Breaking the news about being broke - snippets of survival

One of the most distressing situations a family could face is to be financially broke. With children's tuition bills, food and household expenses to pay, a negative cash position can bring disaster. Easily. Family members find themselves vulnerable to quick tempers, emotional outbursts and sometimes bouts of depression during times like this. Moments spent instead to find solutions to the problem turn out to be occasions of accusation and finger pointing. Volatile, like a ticking bomb.

Many years back my family faced a similar problem. To ease the burden, I decided to tell my children the real score. I thought they were old enough to understand what we were going through. After all, nothing can beat being straightforward. To my mind, this would be the ultimate test for my children's maturity and lessons learned from what I had always tried to teach them: that in times of adversity, it is how you cope with the situation that will define the result that you want.

Telling them that my job became so stressful that it was affecting my health was one of the most trying times of my life. That I had to leave my job and work instead on a part-time basis made me feel so small. If only I could make them feel secure. No job, no money right? Second, I wanted them to feel that I was responsible more than ever for what is going to happen to us as a family. It is , I am sure a temporary setback.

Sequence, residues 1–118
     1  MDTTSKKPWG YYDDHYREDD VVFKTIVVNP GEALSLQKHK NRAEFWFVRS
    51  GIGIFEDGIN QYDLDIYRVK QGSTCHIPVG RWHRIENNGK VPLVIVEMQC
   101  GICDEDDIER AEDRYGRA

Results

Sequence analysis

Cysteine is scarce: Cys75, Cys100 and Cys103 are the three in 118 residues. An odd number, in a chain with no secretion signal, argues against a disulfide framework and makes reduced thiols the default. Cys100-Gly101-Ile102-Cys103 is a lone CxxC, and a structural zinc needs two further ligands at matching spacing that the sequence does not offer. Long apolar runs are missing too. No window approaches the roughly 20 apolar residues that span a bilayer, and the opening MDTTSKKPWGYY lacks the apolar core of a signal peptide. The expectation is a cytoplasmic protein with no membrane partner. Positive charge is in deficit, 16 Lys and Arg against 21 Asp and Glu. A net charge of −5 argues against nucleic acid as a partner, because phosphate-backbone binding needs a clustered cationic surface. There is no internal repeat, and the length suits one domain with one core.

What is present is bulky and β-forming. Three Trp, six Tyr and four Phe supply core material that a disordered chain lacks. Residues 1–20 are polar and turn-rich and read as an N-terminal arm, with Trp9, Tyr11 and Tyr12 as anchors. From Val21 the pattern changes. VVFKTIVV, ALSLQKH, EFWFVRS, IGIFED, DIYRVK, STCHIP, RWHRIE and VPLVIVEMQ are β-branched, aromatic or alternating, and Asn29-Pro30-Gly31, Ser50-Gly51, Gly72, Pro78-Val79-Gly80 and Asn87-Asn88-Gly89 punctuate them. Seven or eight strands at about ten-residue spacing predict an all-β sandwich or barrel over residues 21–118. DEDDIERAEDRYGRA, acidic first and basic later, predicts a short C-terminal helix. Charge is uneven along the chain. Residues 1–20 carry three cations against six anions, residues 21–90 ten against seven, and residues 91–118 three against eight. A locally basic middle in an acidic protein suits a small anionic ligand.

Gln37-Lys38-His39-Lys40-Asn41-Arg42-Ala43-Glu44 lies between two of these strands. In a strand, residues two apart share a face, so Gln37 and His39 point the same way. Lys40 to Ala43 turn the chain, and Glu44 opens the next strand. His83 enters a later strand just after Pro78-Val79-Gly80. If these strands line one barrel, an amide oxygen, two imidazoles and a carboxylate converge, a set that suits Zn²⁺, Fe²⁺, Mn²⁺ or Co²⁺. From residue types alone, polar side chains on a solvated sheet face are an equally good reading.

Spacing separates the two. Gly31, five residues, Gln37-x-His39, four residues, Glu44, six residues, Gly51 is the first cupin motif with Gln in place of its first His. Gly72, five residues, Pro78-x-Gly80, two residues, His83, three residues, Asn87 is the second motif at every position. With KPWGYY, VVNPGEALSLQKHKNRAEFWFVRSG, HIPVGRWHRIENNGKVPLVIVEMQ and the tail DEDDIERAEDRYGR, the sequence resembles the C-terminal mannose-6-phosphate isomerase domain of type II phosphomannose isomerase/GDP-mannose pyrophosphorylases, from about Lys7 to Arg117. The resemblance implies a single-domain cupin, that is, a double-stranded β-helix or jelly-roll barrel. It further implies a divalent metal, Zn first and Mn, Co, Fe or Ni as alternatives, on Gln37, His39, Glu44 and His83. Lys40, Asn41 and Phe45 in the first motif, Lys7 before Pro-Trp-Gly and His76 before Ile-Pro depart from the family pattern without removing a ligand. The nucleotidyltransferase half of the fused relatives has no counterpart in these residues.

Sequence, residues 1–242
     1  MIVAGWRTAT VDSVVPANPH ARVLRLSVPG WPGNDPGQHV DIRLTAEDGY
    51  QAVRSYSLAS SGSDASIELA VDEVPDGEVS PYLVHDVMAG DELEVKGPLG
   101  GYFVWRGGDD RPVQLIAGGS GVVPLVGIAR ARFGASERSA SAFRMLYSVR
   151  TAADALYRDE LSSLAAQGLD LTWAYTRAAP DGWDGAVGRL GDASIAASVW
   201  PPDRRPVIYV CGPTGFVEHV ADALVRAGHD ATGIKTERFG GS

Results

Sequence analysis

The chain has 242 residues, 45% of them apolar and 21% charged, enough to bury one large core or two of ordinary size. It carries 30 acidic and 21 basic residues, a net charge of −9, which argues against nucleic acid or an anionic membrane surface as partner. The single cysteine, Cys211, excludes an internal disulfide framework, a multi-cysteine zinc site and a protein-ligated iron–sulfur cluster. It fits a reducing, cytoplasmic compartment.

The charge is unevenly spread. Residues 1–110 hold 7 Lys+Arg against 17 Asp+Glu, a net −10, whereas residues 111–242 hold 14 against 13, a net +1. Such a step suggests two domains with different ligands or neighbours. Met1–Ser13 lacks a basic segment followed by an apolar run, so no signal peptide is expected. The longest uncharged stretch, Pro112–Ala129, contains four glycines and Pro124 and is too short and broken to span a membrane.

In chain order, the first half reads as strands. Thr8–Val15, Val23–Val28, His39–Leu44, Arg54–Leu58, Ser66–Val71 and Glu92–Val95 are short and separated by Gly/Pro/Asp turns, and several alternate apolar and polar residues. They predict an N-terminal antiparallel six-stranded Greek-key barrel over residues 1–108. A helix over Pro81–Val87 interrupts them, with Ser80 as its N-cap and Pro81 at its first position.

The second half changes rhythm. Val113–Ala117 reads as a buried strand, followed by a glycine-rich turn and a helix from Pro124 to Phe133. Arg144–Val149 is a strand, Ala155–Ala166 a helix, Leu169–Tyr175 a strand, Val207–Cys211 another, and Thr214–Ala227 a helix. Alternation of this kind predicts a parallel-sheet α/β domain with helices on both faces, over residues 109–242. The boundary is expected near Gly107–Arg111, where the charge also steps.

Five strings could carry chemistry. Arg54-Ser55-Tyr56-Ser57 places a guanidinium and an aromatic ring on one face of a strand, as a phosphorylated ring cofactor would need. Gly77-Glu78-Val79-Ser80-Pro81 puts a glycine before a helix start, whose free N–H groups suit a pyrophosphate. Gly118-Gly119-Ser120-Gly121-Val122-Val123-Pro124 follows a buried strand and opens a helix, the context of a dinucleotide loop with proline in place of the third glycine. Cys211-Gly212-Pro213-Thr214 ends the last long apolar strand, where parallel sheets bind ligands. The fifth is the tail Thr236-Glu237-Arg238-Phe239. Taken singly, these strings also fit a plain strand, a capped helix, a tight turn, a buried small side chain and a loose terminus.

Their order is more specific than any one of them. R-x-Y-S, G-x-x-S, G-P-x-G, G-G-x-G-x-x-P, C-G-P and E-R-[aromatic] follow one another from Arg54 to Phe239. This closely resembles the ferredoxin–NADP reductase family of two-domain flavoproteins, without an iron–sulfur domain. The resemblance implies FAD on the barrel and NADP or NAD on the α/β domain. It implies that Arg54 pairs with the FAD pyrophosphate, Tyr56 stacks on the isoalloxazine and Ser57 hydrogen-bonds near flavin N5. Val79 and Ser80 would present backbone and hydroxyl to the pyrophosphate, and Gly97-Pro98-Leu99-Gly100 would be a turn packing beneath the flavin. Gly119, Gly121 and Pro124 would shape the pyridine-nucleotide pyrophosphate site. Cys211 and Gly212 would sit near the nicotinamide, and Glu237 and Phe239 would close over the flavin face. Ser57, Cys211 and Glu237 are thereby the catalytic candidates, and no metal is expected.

When I dialogued with my children, I stressed the fact that I was trying to find solutions to our problem and considered addressing three things: those immediately within my capability to resolve; second, doing what I can correct in a limited way, with some help; and finally just leave those we cannot do anything about within the immediate present. My mantra:

1. Completely throw away those that we cannot absolutely do anything about. No need to worry over anything that cannot be changed nor waste time dwelling on them. Discard. Cut losses if need be and then move on. Avoid additional stress.

2. For those items we can limitedly correct with some help, make a list. Share that list. Tackle it with people who can help. There is no place for false pride. Assistance is required. It sure is out there somewhere. Just need to be found and tapped. People are willing to help when they can see that there is an initiative from those in need. Pray. Hope. Have faith.

3. Last but not the least, make the family members understand that this is a collective situation. What's done is done. Agree to support each other's feelings by giving way to understanding and love rather than reproach.

It's been three years and my financial situation remains a work in progress.

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